Protected Species Workshops for fishers of how and when seabird 
interactions occur during shallow-set fishing. The permit would specify 
requirements for reporting the progress on data analysis and 
identification of additional potential measures for reducing take and 
the extent of training and information-exchange activities. Reporting 
would also describe research, if any is identified, needed to help 
identify measures that could reduce this take in the future. Compliance 
with these requirements would be considered in a future permit renewal.
    3. Issue permit with additional conditions to conduct research and 
to increase conservation benefit to seabirds. Rather than analyze 
existing and future observer data and elicit additional information 
from observers and fishers (as in Alternative 2), Alternative 3 would 
require research and field trials of new deterrent methods and 
technologies or those already in use in the industry to develop means 
to reduce take in the fishery during the 3-year term of the permit. 
Alternative 3 is otherwise the same as Alternative 2.

Internal Scoping and Public Involvement

    We solicited comments on an internal draft of the EA from other 
programs within the Service, and provided responses in a final draft EA 
(DEA) that was available to the public from January 10 through February 
9, 2012 (77 FR 1501). During the public comment period, we received a 
total of eight comment letters: One from a federal agency, one from a 
Fishery Management Council, one from a fishery industry organization, 
two from conservation organizations, and three from private citizens. 
The final EA incorporates minor changes to address technical comments 
and provides narrative responses to substantive comments. Some of these 
comments touch on policy and legal questions that are raised or implied 
by, but that do not themselves affect, our permitting action. However, 
none of the commenters provided additional information that (1) changed 
the outcome of our analysis or (2) required a finding that our action 
would have a significant impact.

Impact Analysis

    The Impacts Analysis in the EA considered direct, indirect, and 
cumulative effects of the alternatives on seabirds, the fishery and 
economic environment, and cultural resources. We found that none of the 
alternatives would have significant impacts to any of these aspects of 
the human environment. The alternatives would not have significant 
adverse impacts to seabirds, because the take of seabirds in this 
fishery is low. Laysan and Black-footed albatrosses comprise roughly 99 
percent of all take of migratory birds in the fishery. The projected 
take of these species in each year of the 3-year term of a permit, and 
the slightly greater amount of annual take that would be authorized in 
a permit (a total of no more than 191 Black-footed and 430 Laysan 
albatrosses over the 3-year permit term), would constitute less than 1 
percent of the total estimated breeding population of each species each 
year. This level of take does not contribute substantially to the 
cumulative total take of these seabirds estimated to occur each year in 
all North Pacific longline fisheries. The other three seabird species 
analyzed in the FEA are the Sooty Shearwater, Northern Fulmar, and the 
endangered Short-tailed Albatross. The shearwater and fulmar are 
represented by one individual bird each in the data on observed take in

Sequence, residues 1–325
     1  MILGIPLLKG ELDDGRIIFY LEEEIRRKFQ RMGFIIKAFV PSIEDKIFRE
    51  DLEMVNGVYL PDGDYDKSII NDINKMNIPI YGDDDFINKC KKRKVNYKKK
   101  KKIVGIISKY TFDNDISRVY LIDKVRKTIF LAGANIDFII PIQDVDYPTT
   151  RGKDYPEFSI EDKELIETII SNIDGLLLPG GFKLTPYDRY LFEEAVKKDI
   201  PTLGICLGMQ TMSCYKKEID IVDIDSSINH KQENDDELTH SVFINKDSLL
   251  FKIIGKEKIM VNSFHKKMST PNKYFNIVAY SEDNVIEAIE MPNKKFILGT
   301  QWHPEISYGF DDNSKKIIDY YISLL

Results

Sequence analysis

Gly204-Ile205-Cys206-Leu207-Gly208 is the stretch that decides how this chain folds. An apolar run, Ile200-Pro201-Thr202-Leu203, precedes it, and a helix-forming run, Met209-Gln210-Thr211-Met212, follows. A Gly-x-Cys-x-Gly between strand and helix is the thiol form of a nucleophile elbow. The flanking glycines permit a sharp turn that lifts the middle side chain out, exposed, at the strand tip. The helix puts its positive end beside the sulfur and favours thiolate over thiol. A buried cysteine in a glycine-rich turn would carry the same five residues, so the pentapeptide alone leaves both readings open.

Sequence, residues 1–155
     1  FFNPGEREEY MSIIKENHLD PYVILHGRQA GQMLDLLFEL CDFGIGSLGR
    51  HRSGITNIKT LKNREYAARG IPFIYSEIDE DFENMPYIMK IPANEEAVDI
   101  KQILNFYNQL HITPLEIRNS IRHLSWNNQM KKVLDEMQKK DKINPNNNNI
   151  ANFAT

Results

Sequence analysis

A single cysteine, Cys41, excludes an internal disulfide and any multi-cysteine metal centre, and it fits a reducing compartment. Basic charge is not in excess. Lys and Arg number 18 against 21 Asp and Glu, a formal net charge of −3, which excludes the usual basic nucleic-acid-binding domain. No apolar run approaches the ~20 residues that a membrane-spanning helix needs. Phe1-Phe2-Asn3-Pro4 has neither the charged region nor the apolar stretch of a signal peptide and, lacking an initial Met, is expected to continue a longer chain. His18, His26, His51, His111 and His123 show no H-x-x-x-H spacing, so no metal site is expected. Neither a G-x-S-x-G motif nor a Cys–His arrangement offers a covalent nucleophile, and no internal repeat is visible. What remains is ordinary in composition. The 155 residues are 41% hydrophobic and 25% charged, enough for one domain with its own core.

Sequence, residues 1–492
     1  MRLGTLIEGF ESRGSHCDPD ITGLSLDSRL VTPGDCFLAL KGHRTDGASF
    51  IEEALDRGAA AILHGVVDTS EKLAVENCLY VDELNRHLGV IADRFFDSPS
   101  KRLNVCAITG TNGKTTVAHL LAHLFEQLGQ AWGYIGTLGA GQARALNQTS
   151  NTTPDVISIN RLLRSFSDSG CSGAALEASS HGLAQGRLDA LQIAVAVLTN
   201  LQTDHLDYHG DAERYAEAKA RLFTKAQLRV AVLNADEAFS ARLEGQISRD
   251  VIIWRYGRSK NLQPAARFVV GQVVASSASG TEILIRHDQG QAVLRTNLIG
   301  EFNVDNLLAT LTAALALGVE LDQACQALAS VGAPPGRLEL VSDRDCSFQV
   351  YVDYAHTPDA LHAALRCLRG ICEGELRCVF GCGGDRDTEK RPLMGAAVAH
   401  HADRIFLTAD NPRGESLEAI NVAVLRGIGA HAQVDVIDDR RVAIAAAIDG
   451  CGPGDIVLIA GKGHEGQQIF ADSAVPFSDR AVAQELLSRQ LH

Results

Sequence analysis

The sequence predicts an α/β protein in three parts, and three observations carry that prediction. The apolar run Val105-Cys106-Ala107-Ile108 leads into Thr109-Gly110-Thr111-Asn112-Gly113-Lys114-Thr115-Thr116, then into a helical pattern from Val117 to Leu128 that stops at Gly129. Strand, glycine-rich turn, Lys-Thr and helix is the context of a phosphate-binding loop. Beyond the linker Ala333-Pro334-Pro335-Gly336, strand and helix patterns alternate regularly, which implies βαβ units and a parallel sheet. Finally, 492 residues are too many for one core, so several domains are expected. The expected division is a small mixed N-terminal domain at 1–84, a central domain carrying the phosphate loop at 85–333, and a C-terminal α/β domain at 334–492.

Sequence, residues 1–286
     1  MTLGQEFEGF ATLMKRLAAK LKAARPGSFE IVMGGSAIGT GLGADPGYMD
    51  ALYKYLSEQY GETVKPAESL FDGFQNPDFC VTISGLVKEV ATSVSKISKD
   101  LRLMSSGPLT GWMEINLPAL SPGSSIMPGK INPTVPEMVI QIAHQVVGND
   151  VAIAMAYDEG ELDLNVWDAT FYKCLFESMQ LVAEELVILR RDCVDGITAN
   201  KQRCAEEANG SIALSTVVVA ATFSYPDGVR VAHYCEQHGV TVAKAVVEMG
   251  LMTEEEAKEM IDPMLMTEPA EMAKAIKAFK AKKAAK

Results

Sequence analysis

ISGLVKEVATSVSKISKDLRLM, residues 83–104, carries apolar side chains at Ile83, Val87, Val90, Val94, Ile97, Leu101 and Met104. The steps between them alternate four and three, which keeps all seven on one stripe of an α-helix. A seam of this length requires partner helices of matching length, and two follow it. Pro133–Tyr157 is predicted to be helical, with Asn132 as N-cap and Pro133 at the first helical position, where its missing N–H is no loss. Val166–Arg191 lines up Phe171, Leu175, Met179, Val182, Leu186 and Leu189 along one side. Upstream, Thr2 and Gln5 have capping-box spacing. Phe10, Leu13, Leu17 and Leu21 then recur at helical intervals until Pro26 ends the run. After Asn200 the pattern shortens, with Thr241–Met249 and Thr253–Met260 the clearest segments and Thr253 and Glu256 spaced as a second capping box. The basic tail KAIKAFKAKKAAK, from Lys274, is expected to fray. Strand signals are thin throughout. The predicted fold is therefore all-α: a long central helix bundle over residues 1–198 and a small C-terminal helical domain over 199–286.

the fishery. We would authorize take of no more than 10 birds annually 
of each of these two species. Although no Short-tailed Albatrosses have 
been reported taken in the fishery, impacts of the fishery to this 
species have been evaluated under the Endangered Species Act, and take 
at a rate of one bird every 5 years has been authorized in the 
Service's Biological Opinion.
    The beneficial impacts of the action involve only seabirds. These 
beneficial impacts are minor. Although either Alternative 2 or 3 would 
result in improved information about sources of take in the fishery and 
means of reducing take, neither would result in an additional reduction 
in take in the fishery during the 3-year permit term. However, the 
long-term goal of this (and any subsequent) permitting action is the 
eventual further reduction of seabird take in this fishery.
    The alternatives do not have a significant impact on the fishery or 
economic environment. Although the alternatives variously may result in 
slight changes in costs to NMFS (for example, to analyze data or 
conduct field trials), none of the alternatives would result in any 
major change in the operation of the fishery. No cultural resources as 
defined under the National Historic Preservation Act are significantly 
affected by the alternatives because the fishery operates in the 200-
mile U.S. Exclusive Economic Zone and on the high seas, far from 
historic sites.


    Alternative 2 will meet fully the purposes and needs of the 
proposed permitting action described above (and described in more 
detail in Chapter 1 of the FEA). This alternative also represents 
initial steps toward the long-term goal of reducing take of seabirds in 
this fishery. We determine that implementation of Alternative 2 does 
not constitute a major Federal action significantly affecting the 
quality of the human environment under the meaning of section 102(2)(c) 
of the National Environmental Policy Act of 1969 (as amended). As such, 
an environmental impact statement is not required.


    We provide this notice under section 668a of the Act (16 U.S.C. 
668-668c) and NEPA regulations (40 CFR 1506.6).

    Dated: July 20, 2012.
Jason Holm,
Acting Regional Director, Pacific Region, Portland, Oregon.
[FR Doc. 2012-20327 Filed 8-17-12; 8:45 am]